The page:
Which limitation exactly? The only thing you said is that you prefer not to see or use vi again. You didn't explain why, unless I missed it. Do you think I find all software for Linux/UNIX awesome? Or that I think UNIX/Linux doesn't have issues? Of course there's software that sucks or that a person doesn't like it. I also have my preference about which desktop environment I use, which CLI editor, which GUI editor, which language I use for scripting, etc, etc

If my mom was alive, I'm sure she can set it up. Don't think that just because my mom doesn't know computers much, she lacks the brainpower to set something up. Given enough time and a bit of research, she can do it :)

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Message 35065 - Posted: 15 Feb 2014 | 18:01:44 UTC - in response to Message 35064.
Last modified: 15 Feb 2014 | 18:06:24 UTC


The point is that I am not adverse to trying out something new (or else I would not be trying out Mint, would I?), but that the same type of limitations that existed many years ago on Linux and its precursor Unix are still with us. They have not made much progress on user friendliness. That opened up a huge door for MS, and Bill stepped right through it, to the eternal annoyance of Linux fans ever since.


Actually, no. The limitations are only in your little experienced mind. You also might wanna read up on why Windows became the default on all sold PCs (hint, hint, MS pays HW manufacturers) and also read on what happened during the UNIX wars that your beloved Bill exploited to become the dominant player

Oh boy, for someone who "used vi even before most on this forum were born", you surely don't know a lot of history

Anyways, I see where this is going. Windows Vs Linux, and not the OPs original intent to make the transition to Linux painless for new crunchers.
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Message 35066 - Posted: 15 Feb 2014 | 18:05:12 UTC - in response to Message 35065.
Last modified: 15 Feb 2014 | 18:08:48 UTC

Actually, no. The limitations are only in your little experienced mind. You also might wanna read up on why Windows became the default on all sold PCs (hint, hint, MS pays HW manufacturers) and also read on what happened during the UNIX wars that your beloved Bill exploited to become the dominant player

Oh boy, for someone who "used vi even before most on this forum were born", you surely don't know a lot of history

You aren't even close. MS became dominant because IBM adopted it, and let Bill Gates keep the copyright on the software (DOS). He then took it and ran, developing better versions thereafter. Try an alternative universe where you explanation might be more accepted.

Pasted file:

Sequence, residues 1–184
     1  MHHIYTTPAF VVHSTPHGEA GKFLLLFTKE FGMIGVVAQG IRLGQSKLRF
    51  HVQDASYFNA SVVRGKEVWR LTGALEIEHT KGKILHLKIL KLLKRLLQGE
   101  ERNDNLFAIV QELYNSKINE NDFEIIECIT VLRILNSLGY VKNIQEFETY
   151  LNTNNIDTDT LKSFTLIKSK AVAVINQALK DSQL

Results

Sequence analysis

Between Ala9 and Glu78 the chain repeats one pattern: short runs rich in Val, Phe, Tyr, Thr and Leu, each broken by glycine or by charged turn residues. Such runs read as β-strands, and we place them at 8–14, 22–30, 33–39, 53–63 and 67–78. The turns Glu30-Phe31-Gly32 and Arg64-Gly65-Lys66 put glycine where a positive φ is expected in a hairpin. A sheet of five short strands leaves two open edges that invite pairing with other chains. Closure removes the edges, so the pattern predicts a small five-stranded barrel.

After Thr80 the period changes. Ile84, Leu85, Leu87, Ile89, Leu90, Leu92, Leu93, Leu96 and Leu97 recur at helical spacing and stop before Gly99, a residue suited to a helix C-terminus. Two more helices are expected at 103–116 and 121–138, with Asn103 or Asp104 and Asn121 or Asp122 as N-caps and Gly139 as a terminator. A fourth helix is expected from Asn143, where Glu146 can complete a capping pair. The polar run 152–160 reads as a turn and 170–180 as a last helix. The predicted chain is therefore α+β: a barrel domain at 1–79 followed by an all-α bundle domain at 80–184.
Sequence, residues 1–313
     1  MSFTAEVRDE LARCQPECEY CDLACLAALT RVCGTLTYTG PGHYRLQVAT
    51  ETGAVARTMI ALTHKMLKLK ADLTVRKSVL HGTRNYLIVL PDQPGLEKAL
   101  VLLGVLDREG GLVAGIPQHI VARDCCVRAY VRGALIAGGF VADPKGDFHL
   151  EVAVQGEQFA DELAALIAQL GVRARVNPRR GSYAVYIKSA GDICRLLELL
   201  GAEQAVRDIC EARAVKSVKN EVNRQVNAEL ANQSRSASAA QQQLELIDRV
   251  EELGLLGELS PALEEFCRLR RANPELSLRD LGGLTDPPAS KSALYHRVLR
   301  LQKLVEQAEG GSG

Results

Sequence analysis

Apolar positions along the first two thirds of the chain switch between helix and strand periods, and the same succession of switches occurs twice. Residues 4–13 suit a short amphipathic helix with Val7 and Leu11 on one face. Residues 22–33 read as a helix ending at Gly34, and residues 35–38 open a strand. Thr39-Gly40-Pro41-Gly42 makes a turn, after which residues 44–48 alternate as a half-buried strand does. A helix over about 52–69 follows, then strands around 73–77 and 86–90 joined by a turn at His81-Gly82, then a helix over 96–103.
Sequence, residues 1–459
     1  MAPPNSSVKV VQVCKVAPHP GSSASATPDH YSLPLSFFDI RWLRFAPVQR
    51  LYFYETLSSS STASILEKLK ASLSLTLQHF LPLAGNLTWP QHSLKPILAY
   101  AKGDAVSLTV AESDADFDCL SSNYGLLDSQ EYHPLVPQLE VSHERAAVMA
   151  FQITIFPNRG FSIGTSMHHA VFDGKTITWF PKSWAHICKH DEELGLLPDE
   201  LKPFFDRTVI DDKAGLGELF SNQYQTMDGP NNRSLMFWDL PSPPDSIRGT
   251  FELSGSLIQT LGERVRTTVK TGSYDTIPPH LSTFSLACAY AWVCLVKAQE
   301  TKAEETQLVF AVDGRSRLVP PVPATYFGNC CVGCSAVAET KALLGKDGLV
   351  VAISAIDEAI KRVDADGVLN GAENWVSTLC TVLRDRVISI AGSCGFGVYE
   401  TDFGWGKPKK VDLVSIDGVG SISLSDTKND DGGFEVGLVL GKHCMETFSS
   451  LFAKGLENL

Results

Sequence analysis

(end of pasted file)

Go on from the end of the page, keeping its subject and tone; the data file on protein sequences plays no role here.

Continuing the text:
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Message 35067 - Posted: 15 Feb 2014 | 18:11:42 UTC - in response to Message 35061.

I won't try to respond to all of your diatribe, there is no answer to a vacuum anyway.


So facts you can't face are just a vacuum, huh? Whatever.

But you managed to totally miss the point about vi, even though I had clearly stated that I was trying out Linux Mint now. The point is that I am not adverse to trying out something new (or else I would not be trying out Mint, would I?),


You expect anybody to catch a point you never made? Interesting!

Nah, I don't think you tried out Mint at all. I think all you did was report to Lemming Central that you've spotted a partisan and they sent you a link to pages of BS about Linux that you're now copying and pasting into posts here. I mean anybody who has really tried Linux can't be saying what you're saying unless they're lieing or they're, well, you know, cognitively challenged.

...but that the same type of limitations that existed many years ago on Linux and its precursor Unix are still with us. They have not made much progress on user friendliness. That opened up a huge door for MS, and Bill stepped right through it, to the eternal annoyance of Linux fans ever since.


Continue living in the past if you wish. The truth is a ton of progress has been made on the user friendliness front, more progress than Windows has made IMHO. The fact that lemmings aren't allowed to admit that fact is amusing to Linux users, not annoying. Bill's money? That proves nothing about anything so that couldn't possibly annoy a sane person.